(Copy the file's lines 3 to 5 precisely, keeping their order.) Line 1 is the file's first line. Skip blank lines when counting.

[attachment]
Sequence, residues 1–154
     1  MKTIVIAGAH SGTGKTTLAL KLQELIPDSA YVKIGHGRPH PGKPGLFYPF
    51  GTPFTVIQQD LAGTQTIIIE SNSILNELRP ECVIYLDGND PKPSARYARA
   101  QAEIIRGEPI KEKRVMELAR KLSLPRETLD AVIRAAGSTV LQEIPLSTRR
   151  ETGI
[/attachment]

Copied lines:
    51  GTPFTVIQQD LAGTQTIIIE SNSILNELRP ECVIYLDGND PKPSARYARA
   101  QAEIIRGEPI KEKRVMELAR KLSLPRETLD AVIRAAGSTV LQEIPLSTRR
   151  ETGI